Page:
10. Hi, I found this article which got me started with my problem. I felt like the solution was a little too hackish for me, though, and the new pages I was generating didn’t necessarily have all the same elements as any of existing pages (was generating them through a number of icanhaz.js templates; and not all the pages used the same template, and even on those that did, the values were very different).

    What I found worked well was: append the new page to the body, making sure its wrapped in a div with data-role=”page” and matching id and data-url attributes, populate it with content, and just call the .page() method on it. You can do that on the pagebeforecreate hook and switch to that page on completion.

    Cheers, and thanks for the post.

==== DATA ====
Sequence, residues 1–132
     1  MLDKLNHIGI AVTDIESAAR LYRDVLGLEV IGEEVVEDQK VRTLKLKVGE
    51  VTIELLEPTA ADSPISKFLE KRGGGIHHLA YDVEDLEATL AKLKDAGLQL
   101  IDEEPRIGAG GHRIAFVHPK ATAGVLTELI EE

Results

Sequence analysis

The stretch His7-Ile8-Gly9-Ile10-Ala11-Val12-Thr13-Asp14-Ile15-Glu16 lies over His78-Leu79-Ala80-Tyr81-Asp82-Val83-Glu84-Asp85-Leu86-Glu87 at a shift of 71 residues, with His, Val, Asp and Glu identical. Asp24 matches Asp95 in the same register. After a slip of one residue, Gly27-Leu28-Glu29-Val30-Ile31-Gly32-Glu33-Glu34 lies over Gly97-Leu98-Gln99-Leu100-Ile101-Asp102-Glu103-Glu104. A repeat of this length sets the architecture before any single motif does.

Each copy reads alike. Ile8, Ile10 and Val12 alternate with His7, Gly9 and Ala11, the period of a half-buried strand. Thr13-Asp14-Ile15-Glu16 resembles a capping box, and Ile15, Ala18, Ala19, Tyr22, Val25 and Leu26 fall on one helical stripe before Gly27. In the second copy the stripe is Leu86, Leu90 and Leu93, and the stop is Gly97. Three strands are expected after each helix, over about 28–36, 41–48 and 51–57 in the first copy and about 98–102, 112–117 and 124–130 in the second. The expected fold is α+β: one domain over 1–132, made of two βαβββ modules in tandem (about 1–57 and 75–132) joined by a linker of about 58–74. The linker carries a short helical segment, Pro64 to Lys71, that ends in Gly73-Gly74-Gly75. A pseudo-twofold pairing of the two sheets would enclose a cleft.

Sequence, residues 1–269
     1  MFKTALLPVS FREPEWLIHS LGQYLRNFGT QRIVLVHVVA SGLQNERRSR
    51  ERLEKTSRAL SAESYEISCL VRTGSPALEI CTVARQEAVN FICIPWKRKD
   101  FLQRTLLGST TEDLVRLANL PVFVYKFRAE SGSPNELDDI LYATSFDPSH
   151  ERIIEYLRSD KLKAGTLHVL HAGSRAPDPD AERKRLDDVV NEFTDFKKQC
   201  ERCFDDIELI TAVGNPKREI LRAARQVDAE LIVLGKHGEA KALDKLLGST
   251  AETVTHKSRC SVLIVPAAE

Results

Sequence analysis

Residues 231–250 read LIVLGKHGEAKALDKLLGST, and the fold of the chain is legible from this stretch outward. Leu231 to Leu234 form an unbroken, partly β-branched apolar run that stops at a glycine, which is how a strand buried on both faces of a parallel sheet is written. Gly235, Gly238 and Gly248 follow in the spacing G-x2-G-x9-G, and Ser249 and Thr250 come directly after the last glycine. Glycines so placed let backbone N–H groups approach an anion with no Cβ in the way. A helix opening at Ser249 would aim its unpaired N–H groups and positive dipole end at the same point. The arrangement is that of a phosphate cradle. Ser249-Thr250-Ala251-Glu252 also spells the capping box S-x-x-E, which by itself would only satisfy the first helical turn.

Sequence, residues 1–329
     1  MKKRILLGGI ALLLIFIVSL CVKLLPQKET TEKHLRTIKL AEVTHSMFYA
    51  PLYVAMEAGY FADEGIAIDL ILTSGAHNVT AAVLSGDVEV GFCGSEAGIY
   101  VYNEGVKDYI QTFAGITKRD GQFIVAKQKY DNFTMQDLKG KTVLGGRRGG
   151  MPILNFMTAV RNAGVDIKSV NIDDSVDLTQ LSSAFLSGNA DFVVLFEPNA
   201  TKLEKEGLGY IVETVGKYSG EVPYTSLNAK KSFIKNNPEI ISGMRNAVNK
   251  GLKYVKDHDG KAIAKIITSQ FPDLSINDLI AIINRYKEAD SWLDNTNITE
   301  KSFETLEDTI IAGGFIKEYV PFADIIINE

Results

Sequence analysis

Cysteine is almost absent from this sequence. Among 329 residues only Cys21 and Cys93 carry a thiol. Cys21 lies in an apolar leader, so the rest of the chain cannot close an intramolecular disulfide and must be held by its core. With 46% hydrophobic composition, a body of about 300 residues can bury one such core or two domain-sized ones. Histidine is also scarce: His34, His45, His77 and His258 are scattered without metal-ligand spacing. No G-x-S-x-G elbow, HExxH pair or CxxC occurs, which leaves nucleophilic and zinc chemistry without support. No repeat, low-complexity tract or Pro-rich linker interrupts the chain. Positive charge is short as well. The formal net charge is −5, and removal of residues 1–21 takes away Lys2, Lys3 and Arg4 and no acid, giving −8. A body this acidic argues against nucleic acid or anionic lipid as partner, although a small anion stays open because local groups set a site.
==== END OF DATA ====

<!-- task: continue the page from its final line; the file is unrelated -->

11. You can use any javascript lbairry you want, but the animations themselves must be written in CSS, not javascript. It is absolutely vital for mobile developers to learn CSS animation instead of javascript. The reason is that Javascript is actually very inefficient for animation, and it’s only recently, with the proliferation of mobile browsers, that we are starting to notice this. You see, with a JS animation (e.g. created using jQuery’s animate function), the javascript lbairry sets an interval timer (lets say, 33ms, which is about 30 frames per second), and on that interval, it figures out where the animated element should be, using complex math calculated by the CPU, and then puts it there. Unfortunately, if the CPU is too slow to do that calculation every interval, it gets backed up and the animation stutters. jQuery and other JS animation tools do some work to combat this, sensing a drop in frame rate and trying to make the interval wider, to give it more time to complete the calculations, but it’s often too-little-too-late.On the other hand, when you do a CSS animation (e.g. using the transform or webkit-transform css properties), you leave it to the GPU to simply calculate where the element should be as often as it can. As soon as it calculates the element’s new position and places it there, the GPU starts the calculation again. This means the animation is always as smooth as the GPU can possibly make it, no matter what. If you animate too many elements for the GPU to handle it may still have trouble, but instead of ugly stuttering, it will be a more graceful drop in framerate.Hope that helps.